Justice as Unfairness: Robert Hayden’s Lecture

By  Dennis Kontorovich–

In the lecture, “Justice as Unfairness”, given by Robert M. Hayden, from University of Pittsburgh, various issues concerning fairness, judicial action, and transitional justice were discussed. The most important argument that was made in this lecture was that justice is perceived differently based on how you look at it. What this means is that justice is not concrete and what is just from one groups perspective is not necessarily just from another’s. The main way that Dr. Hayden chose to show this was by comparing what courts believe to be just versus what people believe to be just.

He made the argument that people around the world are consistently disappointed with the rulings of international tribunals, even if those tribunals found the person being prosecuted guilty. This is confusing at first because one would think that if the court successfully found a person guilty, then the people or groups who were wronged would support the court’s decision and be happy that justice has finally been served. What actually occurs is quite contrary to this; people feel wronged by the courts because they think that the courts do not fully understand the extent to which the victims have been harmed. Therefore, the people believe that the courts end up passing sentences that are too lenient. This is a clear example of justice being defined differently based on perspective because although the courts serve as protectors of justice, they are incapable of feeling the people’s pain and therefore don’t account for all the suffering that the victims experienced when passing the criminals sentence. Dr. Hayden attributed these differences in opinion to differing views on justice, as well as contrasting goals for the trial. He stated that the courts want to be fair in their ruling. The people, on the other hand, want more than justice, they want revenge for what has been done to them. This brings up the main discussion about what real justice and fairness are and whether or not they are the same thing.

To answer this question, Dr. Hayden brought up the idea of transitional justice, which he defined as “justice which is supposed to help the individual in times of transition from conflict or state repression.” This justice is not how we traditionally define justice because true justice looks only at concrete facts and concrete punishments, whereas transitional justice takes the individual or group that was harmed into consideration. This is done to maintain some sort of peace in the country because at least people will feel like they are somewhat being represented in court when this type of justice is served. So, Dr. Hayden’s discussion boils down to whether or not a victimized group will ever feel as if they have been fairly compensated because it is impossible to put a value on the suffering that was experienced.

The main evidence that Dr. Hayden brought up were the criminal tribunals and international courts that were brought together in Yugoslavia, Serbia, Croatia, and Bosnia. He primarily used the book, Death and the Dervish by Meša Selimović as his source. This book brings up the different perceptions of justice, which were the foundation for this lecture. Also, Dr. Hayden relied on research done on the 1990’s in the countries listed above to show that people actually supported the international criminal courts less and less as they passed more sentences of conviction. This research sparked Dr. Hayden’s interest and allowed him to develop his argument.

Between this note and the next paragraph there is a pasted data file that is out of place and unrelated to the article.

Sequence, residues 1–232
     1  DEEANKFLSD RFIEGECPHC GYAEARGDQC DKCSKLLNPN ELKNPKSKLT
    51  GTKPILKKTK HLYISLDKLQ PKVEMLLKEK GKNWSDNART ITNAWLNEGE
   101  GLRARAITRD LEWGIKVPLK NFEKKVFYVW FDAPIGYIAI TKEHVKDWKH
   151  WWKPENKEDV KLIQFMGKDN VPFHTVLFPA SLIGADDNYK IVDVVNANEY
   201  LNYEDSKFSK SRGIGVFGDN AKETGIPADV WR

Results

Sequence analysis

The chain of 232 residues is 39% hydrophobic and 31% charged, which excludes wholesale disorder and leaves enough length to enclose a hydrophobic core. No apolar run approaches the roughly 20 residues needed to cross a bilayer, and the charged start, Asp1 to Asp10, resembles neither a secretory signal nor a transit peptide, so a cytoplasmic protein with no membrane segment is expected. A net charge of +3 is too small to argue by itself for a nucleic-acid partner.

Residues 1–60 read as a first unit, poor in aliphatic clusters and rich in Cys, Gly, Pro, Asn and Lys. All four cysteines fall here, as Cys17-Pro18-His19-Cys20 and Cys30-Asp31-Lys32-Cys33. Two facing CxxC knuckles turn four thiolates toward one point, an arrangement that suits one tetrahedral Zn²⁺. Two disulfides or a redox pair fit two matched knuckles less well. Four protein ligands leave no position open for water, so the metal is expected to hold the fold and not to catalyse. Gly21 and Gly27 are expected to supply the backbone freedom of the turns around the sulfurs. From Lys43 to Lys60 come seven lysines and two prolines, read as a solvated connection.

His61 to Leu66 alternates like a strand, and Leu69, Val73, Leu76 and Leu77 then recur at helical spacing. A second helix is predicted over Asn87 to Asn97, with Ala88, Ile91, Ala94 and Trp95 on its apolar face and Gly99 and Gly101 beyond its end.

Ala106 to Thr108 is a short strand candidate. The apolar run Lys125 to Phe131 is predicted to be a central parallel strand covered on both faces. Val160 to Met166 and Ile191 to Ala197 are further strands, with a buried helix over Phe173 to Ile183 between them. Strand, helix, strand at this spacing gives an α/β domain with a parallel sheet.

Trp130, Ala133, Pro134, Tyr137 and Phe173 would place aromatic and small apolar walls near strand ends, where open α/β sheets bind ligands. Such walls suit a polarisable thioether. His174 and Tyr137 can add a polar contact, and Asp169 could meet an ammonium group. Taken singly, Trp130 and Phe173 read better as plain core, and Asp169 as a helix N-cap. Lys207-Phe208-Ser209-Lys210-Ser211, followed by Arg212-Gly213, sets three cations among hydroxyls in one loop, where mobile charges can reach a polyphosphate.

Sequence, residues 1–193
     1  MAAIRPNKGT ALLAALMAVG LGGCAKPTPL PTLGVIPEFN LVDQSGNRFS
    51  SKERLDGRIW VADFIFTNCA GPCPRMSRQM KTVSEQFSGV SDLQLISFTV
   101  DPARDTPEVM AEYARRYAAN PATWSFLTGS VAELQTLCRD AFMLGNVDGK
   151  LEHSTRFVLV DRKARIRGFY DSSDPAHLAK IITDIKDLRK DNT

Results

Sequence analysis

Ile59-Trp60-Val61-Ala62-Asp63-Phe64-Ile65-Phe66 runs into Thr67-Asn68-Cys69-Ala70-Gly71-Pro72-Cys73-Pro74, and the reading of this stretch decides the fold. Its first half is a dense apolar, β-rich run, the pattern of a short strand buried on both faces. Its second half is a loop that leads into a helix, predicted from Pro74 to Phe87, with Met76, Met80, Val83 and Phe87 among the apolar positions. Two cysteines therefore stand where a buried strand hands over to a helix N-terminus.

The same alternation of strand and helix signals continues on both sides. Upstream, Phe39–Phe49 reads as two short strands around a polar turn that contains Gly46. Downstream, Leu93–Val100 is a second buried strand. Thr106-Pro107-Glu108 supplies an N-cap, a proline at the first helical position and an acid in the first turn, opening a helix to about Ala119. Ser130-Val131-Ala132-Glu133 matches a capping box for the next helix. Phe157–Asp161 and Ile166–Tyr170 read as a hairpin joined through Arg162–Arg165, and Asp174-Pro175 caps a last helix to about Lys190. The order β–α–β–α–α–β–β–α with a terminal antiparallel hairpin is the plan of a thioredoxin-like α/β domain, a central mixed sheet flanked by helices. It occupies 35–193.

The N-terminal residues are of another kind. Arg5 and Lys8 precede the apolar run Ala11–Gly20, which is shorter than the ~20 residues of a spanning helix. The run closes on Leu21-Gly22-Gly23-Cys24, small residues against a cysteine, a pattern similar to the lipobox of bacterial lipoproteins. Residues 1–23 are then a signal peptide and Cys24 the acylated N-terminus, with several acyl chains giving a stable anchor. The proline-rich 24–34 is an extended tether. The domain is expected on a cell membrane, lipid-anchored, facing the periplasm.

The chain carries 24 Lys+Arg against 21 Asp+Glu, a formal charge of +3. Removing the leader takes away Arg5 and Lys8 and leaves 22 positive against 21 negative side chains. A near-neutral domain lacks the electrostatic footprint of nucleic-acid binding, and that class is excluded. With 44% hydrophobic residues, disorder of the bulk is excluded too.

The main question that interested me was when Dr. Dawisha asked if there really was a better way to determine justice other than the court systems. She noted that all other attempts at justice by the people resulted in massive bloodshed because the people who were originally victimized wanted to make their oppressors suffer as they had. Unfortunately, Dr. Dawisha pointed out that this method is ineffective because it does not resolve any issues, it simply increases the divide between the groups of people who will have to live with each other in the future. Dr. Hayden did not really have an answer to this question because I don’t think there really is an answer. He did acknowledge that when Germany was treated unfairly after World War One, when strict and crippling sanctions were put on it, the outcome of this kind of justice was World War Two and millions more dead. I believe that Dr. Hayden argued that from one point of view, justice was never really served, but on the other end of the spectrum, there was so much “justice” that the criminals turned into the victims.

I agree with what Dr. Hayden discussed in his lecture, but this presentation made me wonder if there really is a better way to serve justice fairly to all parties. He made several interesting points and showed data that I would not have believed had I not seen the numbers behind it. Dr. Hayden said, “All injustices are equal, but one always thinks that the injustice committed against him is the greatest of all.” This quote perfectly captures his argument and really opens the door for a more concrete answer to the question, “What is Justice”, in the future.

Overall, I really enjoyed this conference because it showed me that history is not restricted to decades ago, but is in fact occurring as we speak. This made me realize that my studies of history are more relevant to everyday life than I previously thought they would be because history tends to be cyclical, so by learning from the past, we can try to avoid making those same mistakes in the future. Also, I learned a lot about groups of people who are not typically talked about in our classes here at Miami. It was good to get such a worldly view from this conference. In closing, this conference added relevance to my studies here at Miami.

Dennis Kontorovich is a Senior at Miami University

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